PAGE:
Automatic Router

FIG. 2 illustrates one embodiment of the router 120 used in the system shown in FIG. 1. The main components of the automatic call router 120 are a sensor array 122, relays 130, stamp 124 (containing a microprocessing unit, EEPROM, clock and RAM memory), DTMF (Dual Tone Multi-Frequency) decoder and encoder chip 126, a 2 kilo-ohm @ 5 watt resistor 129, voltage regulator and a power supply. The automatic router 120 may be interposed between and in communication with the telephone or user interface device and the network as shown in FIGS. 1 and 2.

The sensor array 122 may consist of the following three sensors: ring sensor 122-1, an answer/off hook sensor 122-2, and a time out sensor 122-3. These sensors will be termed the R.A.T. for ringing, answering incoming call/off hook status of phone, and time out.

The ringing sensor 122-1 comprises an alternating current optoisolator coupler. The coupler may be attached to the phone line by a reverse facing diode, allowing only negative current to flow through the diode and the trigger of the coupler. Ringing is a process that employs both positive and negative moving current. The reverse facing diode allows only the negative current to reach the coupler. The light emitting diode inside the coupler, in one embodiment, activates a photo-transistor. The photo-transistor allows current to flow through it to a pin on the microprocessor. The microprocessor detects the current as a high signal, indicating ringing of the phone.

The answering/off hook sensor 122-2, comprises an alternating current optoisolator coupler. The coupler is attached to the phone line by a forward facing diode, allowing only positive current to flow through the diode and trigger the coupler. When the phone 110 is off the hook, current flows through the phone line to the coupler. The light emitting diode inside the coupler activates a photo-transistor. The photo-transistor allows current to flow through it to a pin on the microprocessor. The microprocessor detects the current as a high signal, indicating the off hook status of the phone.

The time-out sensor 122-3, in one embodiment, is comprised of an alternating current optoisolator coupler and a triac. The coupler is attached to the phone line with leads coming from both the ring and answering sensors. When the phone 110 is off the hook, current flows through the phone line to the coupler. The light emitting diode inside the coupler activates a photo-transistor. The photo-transistor allows a signal current to flow through it to a pin on an optoisolator triac. The triac is activated by a signal from the microprocessor. The phone line signal is directed to the relays. The microprocessor sends a one time activation signal to the triac after it has determined that the phone 110 is off the hook to make an outgoing phone call. This late activation prevents the time-out sensor from falsely reading the ringing or answering incoming call. While the phone is off the hook, the triac will pass a current through a photo-transistor to the microprocessor. The triac will continue to pass current and maintain the high pin state until a circuit break occurs, resulting in a momentary drop in current (and voltage) followed by a resumption of current (and voltage). The microprocessor sends a signal to activate the triac each time the power flowing through it is momentarily halted. The high signal on the time-out pin is turned off. This continues until the triac is reactivated. The triac is activated once per outgoing telephone call. The absence of a high on the pin attached to the triac indicates expiration of the allotted time.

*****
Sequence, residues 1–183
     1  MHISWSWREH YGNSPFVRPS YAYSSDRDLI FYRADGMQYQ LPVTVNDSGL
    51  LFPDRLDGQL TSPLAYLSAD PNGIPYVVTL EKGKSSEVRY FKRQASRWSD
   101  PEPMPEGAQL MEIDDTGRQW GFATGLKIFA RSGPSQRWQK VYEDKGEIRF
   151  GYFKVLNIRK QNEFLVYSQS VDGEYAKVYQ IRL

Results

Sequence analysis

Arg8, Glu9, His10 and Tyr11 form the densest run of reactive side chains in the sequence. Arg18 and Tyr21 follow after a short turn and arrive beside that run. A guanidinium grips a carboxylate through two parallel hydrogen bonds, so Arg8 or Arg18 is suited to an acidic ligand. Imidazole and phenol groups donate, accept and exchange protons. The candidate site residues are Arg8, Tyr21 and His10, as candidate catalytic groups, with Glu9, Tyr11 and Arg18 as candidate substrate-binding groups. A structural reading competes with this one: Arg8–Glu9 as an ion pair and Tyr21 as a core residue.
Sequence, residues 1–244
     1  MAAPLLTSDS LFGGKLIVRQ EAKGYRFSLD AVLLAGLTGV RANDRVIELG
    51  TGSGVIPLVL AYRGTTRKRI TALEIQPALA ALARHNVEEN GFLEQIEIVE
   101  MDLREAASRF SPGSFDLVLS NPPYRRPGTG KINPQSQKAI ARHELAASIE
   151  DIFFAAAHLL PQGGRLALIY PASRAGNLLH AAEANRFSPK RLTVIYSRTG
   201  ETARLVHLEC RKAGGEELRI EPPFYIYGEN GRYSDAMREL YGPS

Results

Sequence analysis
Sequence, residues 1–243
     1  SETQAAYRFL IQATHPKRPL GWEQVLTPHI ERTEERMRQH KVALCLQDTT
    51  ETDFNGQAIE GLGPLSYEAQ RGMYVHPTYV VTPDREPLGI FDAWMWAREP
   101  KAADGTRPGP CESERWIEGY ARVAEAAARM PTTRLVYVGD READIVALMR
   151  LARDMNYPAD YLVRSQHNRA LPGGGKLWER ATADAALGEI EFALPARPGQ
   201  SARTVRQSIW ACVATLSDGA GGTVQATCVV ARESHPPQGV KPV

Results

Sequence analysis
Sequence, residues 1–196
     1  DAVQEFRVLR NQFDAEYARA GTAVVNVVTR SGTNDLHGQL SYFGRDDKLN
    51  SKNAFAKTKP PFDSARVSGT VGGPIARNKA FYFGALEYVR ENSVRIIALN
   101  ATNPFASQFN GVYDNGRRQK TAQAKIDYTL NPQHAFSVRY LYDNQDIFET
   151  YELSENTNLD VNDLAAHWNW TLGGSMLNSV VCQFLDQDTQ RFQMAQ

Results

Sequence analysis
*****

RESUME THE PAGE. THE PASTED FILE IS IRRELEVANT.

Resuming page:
The optoisolator couplers employed, in one embodiment, is part number H11AA814AQT-ND or H11AA814QT-ND manufactured by Optoelectronics. The optoisolator triac may be part number MOC3010QT-ND also manufactured by Optoelectronics. Of course, other components and/or configurations may be used for accomplishing such monitoring.

The relays 130 used in one embodiment of the router 120 have both a normal close circuit and a normal open circuit. The application of a current to the coil will cause the normally open circuit to close, and the normally closed circuit to open. The default state (no power applied to the coil) allows a telephone call to pass through the automatic call router 120. When a current is applied to the coils of relay 1 (R1) 130-1 and relay 2 (R2) 130-2, an alternate path is opened, one that routes the phone line to the DTMF encoder/decoder 126. This re-routing of the phone line allow the microprocessor to monitor/read DTMF tones originating from the phone 110. The microprocessor initiates the monitoring for DTMF tones whenever it detects an outgoing call via the sensors 122. The signal from the microprocessor activating the relay designated relay 2 (130-2) also activates an optoisolator linking the phone line to a common ground, enabling the microprocessor to read the DTMF digits. The microprocessor activates the third relay (R3) 130-3 when it detects a one (“1”) as the first DTMF position passing down the telephone line. Although detection of the number “1” as the first DTMF position activates relay 3 (130-3) and deactivates relay 1 (130-1) in the present embodiment, different number(s) and/or different DTMF position(s) may activate relay 3 (130-3) and deactivates relay 1 (130-1). Once relay 130-3 is triggered and relay 130-1 is deactivated, the phone 110 is isolated, and the phone line is seen as being busy to the outside world.